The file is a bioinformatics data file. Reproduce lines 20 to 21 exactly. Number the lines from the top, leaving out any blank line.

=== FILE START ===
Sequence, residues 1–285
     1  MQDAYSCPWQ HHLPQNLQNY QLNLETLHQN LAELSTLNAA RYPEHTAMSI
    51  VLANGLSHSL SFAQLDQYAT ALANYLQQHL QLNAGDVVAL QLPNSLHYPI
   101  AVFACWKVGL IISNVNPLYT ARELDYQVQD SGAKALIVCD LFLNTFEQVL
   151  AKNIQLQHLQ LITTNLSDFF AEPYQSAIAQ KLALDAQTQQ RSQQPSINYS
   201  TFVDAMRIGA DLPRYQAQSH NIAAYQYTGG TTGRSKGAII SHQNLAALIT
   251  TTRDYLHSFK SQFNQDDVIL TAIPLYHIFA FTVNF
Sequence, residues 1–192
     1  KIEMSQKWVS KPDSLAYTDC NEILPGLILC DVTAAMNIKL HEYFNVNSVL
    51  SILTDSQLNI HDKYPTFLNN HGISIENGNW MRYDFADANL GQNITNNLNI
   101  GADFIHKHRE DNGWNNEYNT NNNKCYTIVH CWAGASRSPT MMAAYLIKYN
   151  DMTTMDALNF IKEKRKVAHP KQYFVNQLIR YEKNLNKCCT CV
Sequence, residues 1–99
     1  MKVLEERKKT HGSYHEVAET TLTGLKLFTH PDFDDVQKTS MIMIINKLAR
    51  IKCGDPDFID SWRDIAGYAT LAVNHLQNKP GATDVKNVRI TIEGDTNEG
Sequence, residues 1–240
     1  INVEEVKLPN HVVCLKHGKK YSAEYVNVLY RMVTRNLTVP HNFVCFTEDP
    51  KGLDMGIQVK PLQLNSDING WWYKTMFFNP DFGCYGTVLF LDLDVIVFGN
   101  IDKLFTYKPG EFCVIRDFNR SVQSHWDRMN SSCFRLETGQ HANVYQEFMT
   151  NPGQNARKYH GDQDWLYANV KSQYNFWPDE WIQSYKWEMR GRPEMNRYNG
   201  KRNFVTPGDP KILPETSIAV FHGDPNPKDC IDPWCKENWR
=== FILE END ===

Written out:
   151  NPGQNARKYH GDQDWLYANV KSQYNFWPDE WIQSYKWEMR GRPEMNRYNG
   201  KRNFVTPGDP KILPETSIAV FHGDPNPKDC IDPWCKENWR